Amedia, one of the largest media companies in Norway, has disclosed a cyberattack that forced the publisher to shut down some of its central computer systems.
The company said in a press release that the incident that occurred late Tuesday 28 December, had not impacted the production of online newspapers, but disrupted systems for publishing paper newspapers, advertisements and subscription management. Because of this, “no paper will be published on Wednesday,” the company noted.
“The situation is unclear. The problems we experience are due to an external data attack on some of our systems. We are in the process of gaining an overview of the situation, but do not yet know the full potential for damage. We have already implemented comprehensive measures to limit the damage and to restore normal operations as quickly as possible,” Amedia Executive Vice President of Technology, Pål Nedregotten said.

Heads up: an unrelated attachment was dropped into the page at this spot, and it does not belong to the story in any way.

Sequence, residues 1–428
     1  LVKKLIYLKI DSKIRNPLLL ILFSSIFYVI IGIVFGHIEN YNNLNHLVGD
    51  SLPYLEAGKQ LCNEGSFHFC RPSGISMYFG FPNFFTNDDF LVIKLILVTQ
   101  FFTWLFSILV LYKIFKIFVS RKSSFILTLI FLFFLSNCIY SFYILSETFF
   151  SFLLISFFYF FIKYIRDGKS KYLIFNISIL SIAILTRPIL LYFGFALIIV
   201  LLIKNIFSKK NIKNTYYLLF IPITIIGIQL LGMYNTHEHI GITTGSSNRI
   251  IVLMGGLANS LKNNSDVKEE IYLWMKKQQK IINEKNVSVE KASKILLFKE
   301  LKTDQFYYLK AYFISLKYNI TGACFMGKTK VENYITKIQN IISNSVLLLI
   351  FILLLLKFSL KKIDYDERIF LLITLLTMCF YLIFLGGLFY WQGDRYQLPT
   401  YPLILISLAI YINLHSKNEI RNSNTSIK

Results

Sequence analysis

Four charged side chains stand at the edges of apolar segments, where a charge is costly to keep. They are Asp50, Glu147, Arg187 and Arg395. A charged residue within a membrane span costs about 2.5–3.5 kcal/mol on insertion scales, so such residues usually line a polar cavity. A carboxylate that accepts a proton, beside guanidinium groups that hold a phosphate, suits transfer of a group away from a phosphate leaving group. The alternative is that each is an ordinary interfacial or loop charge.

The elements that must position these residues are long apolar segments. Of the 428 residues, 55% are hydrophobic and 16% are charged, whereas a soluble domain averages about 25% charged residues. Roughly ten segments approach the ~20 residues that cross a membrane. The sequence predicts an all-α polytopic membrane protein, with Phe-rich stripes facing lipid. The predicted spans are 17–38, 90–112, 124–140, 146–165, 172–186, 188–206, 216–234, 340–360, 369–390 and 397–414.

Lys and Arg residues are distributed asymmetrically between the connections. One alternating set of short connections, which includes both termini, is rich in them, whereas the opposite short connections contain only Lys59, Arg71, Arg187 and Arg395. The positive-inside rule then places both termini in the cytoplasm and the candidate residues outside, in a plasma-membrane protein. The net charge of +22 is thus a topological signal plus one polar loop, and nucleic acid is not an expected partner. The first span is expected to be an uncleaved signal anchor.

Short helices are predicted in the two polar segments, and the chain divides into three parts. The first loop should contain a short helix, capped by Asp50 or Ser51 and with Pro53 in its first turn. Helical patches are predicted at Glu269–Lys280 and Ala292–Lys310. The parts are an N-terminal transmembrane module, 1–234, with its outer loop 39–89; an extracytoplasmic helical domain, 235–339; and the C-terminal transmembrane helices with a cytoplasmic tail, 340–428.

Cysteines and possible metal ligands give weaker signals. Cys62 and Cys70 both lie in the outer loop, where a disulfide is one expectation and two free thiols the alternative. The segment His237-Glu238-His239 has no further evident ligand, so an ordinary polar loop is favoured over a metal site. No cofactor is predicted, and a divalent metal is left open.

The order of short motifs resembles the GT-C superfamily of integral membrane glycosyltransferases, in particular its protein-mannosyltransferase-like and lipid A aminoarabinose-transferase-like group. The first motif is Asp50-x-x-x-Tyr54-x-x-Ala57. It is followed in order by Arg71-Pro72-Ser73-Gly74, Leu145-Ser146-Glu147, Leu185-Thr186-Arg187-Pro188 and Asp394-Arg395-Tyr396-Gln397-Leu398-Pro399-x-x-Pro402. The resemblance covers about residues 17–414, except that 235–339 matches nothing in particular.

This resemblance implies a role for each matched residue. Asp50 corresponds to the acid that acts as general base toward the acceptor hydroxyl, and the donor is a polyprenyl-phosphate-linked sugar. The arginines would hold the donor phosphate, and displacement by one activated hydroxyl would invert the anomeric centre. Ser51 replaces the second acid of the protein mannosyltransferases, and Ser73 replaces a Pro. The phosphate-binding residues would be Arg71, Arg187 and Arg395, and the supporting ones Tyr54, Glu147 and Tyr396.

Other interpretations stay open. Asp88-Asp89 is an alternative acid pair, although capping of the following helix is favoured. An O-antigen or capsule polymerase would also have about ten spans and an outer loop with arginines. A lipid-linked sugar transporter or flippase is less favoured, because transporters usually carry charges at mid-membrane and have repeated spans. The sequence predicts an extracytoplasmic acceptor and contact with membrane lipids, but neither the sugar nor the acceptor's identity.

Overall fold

“All available resources are now working intensively to solve the problems and uncover what damage has occurred,” he added.
The attack impacted the systems managed by Amedia's central IT company, Amedia Teknologi. Amedia's other systems work as normal. The incident also affected the company’s advertising and subscription systems.
At present, it’s unclear whether subscribers and employees’ personal information has been compromised in the incident. The company said that “so far there is no reliable information that this has happened, but it can not be ruled out that it has happened anyway.”
According to Amedia, the affected subscription system contains the name, address, telephone number and subscription form and history of the subscribers. Data such as passwords, read history, and financial information are not affected, the company said
“Amedia now works on the basis that customer data can be compromised. If personal information has gone astray, those affected will be informed as soon as possible. This will apply to both customers and employees. In such a case, the Data Inspectorate will be notified of what has happened and how we work with mitigating measures,” Nedregotten said.